• Don’t press for sex. Most survivors need to take a temporary break from partner sex. Respect that need. Tell survivors you care about them more than you care about sex with them. Say that often. Let survivors decide when to resume the sexual part of their relationships. If you get tired of waiting, consider couple counseling or sex therapy.
• Offer nonsexual sensuality. Survivors might not want intercourse, but may enjoy cuddling, massage, and time at a day spa.
• Continue to listen. As time passes, it’s natural to say, “It’s over. Don’t dwell on it.” But many survivors need to process their assaults for what may seem “too long.” Give them all the time they need. Most survivors have a difficult year or so, then the horror slowly fades, though memories linger.
• Have fun together. Offer to arrange outings or get tickets to shows. Survivors may feel unable to have fun. Keep offering. You both may feel you’re just going through the motions, but over time, activities together aid recovery.
Men Also Get Raped
For poignant insights into male victimization, read Deliverance by James Dickey, The Prince of Tides by Pat Conroy, or Fortune and Men’s Eyes by John Herbert, or see the movies. But the overwhelming majority of victims are women.
If A Woman You Love Has Ever Been Stalked
Stalking is a form of harassment that causes reasonable people—overwhelmingly women—to fear harm. Stalking includes: persistent unwelcome phone calls, messages, texts, or emails; approaching or confronting victims in places when they neither expect nor want contact; and spying on victims with cameras or listening devices. Stalking is a crime in all fifty states.
Stalking gets nowhere near as much media attention as sexual assault and child sex abuse, but it’s fairly prevalent and always unnerving. According to the National Center for Victims of Crime:
• At some point in life, 15 percent of women and 6 percent of men get stalked.
• Most stalkers are current or former lovers, friends, or acquaintances.
• Around two-thirds of victims are in their teens or twenties.
• About half of victims experience at least one unwanted contact a week.
• Among women killed by current or former lovers, 76 percent were stalked beforehand.
• Before being killed by stalkers, half of women reported the stalking to police.
Few women mention that they’re being or have been stalked, so few men have any idea. Tip-offs include: suddenly switching jobs, changing contact information, or moving for no apparent reason, and being unusually apprehensive.
If you suspect that a woman you know is being stalked:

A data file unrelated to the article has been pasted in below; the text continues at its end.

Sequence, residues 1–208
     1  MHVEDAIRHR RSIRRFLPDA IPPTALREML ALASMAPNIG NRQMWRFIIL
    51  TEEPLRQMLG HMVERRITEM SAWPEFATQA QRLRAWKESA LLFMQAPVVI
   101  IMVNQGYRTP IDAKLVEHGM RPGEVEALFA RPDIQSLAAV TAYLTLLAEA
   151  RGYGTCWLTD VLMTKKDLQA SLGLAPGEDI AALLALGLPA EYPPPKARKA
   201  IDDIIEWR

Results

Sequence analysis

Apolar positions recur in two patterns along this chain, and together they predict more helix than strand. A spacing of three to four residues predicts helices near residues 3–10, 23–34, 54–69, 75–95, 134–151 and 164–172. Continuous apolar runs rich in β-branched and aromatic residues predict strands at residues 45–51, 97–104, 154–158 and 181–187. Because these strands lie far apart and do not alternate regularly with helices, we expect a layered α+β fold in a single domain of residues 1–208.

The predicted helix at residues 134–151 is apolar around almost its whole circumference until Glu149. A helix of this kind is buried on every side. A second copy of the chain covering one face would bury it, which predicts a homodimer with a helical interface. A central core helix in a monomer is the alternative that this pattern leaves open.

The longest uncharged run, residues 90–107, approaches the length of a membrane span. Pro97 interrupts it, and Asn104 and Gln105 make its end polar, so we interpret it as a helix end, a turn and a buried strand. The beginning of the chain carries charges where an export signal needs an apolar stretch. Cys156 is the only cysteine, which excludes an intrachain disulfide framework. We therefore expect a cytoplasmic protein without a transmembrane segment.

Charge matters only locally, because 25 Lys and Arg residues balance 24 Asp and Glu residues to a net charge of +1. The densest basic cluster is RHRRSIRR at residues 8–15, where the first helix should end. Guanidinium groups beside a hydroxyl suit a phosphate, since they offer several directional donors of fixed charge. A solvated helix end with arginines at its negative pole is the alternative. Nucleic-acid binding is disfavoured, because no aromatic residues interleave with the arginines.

• Ask. Don’t demand to know. Telling you is her decision. Assure her that you care about her, abhor stalking, and want to help.
• Does she feel threatened now? If so, encourage her to contact the police. Many women refuse, saying the police don’t do anything. In that case, quietly contact the police yourself and ask how they deal with stalking. In recent years, many police departments have become more responsive, confronting stalkers and insisting they stop immediately or risk jail. If the police appear respionsive, gently share your findings and encourage women to report. Then support their decisions, even if you disagree.
• Never stalk an ex. If a woman dumps you, you have every right to feel sad, confused, betrayed, and angry. But relationships require mutual consent. She has the right to break up with you. Grieve your loss. Scream about her to friends. But leave her alone. You don’t own her and never did. Stalking her won’t bring her back. It’s more likely to convince her she was right to leave you. Not to mention that stalking might land you in jail.
Have I left anything out? If yo have an experience with sexual assault or stalking, please add your advice for men who want to help loved ones recover.
Sexual assault statistics
Horvath, Miranda et al. Handbook on the Study of Multiple Perpetrator Rape. Routledge, 2013, page 15.
Katrina Baum et al., “Stalking Victimization in the United States,” (Washington, DC: Bureau of Justice Statistics, 2009).
Blauuw, E. et al., “The Toll of Stalking,” Journal of Interpersonal Violence (2002) 17:50-63.
Breiding, M.J. et al., “Prevalence and Characteristics of Sexual Violence, Stalking, and Intimate Partner Violence Victimization – National Intimate Partner and Sexual Violence Survey, United States, 2011,” Centers for Disease Control and Prevention Morbidity and Morality Weekly Report (2014) 63:8.
McFarlane, J. et al., “Stalking and Intimate Partner Femicide,” Homicide Studies (2009) 3:4.